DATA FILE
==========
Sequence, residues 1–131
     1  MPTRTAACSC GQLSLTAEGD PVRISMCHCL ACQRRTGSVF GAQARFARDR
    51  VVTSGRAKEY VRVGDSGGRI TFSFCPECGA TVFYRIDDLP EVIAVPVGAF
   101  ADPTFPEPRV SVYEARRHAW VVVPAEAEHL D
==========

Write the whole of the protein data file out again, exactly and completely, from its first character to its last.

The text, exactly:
Sequence, residues 1–131
     1  MPTRTAACSC GQLSLTAEGD PVRISMCHCL ACQRRTGSVF GAQARFARDR
    51  VVTSGRAKEY VRVGDSGGRI TFSFCPECGA TVFYRIDDLP EVIAVPVGAF
   101  ADPTFPEPRV SVYEARRHAW VVVPAEAEHL D